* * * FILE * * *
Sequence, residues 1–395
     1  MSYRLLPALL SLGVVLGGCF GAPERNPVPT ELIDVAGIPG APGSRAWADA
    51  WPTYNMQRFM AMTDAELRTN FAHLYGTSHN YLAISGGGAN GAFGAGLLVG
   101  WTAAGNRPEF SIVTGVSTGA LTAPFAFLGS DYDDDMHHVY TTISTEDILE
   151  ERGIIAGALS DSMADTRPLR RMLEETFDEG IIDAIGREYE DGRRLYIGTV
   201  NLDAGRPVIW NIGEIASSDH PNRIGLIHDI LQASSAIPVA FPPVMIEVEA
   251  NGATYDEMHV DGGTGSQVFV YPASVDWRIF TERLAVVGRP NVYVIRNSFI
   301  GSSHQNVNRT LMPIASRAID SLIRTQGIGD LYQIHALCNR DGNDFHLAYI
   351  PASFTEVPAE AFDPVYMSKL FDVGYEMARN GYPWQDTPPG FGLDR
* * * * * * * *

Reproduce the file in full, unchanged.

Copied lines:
Sequence, residues 1–395
     1  MSYRLLPALL SLGVVLGGCF GAPERNPVPT ELIDVAGIPG APGSRAWADA
    51  WPTYNMQRFM AMTDAELRTN FAHLYGTSHN YLAISGGGAN GAFGAGLLVG
   101  WTAAGNRPEF SIVTGVSTGA LTAPFAFLGS DYDDDMHHVY TTISTEDILE
   151  ERGIIAGALS DSMADTRPLR RMLEETFDEG IIDAIGREYE DGRRLYIGTV
   201  NLDAGRPVIW NIGEIASSDH PNRIGLIHDI LQASSAIPVA FPPVMIEVEA
   251  NGATYDEMHV DGGTGSQVFV YPASVDWRIF TERLAVVGRP NVYVIRNSFI
   301  GSSHQNVNRT LMPIASRAID SLIRTQGIGD LYQIHALCNR DGNDFHLAYI
   351  PASFTEVPAE AFDPVYMSKL FDVGYEMARN GYPWQDTPPG FGLDR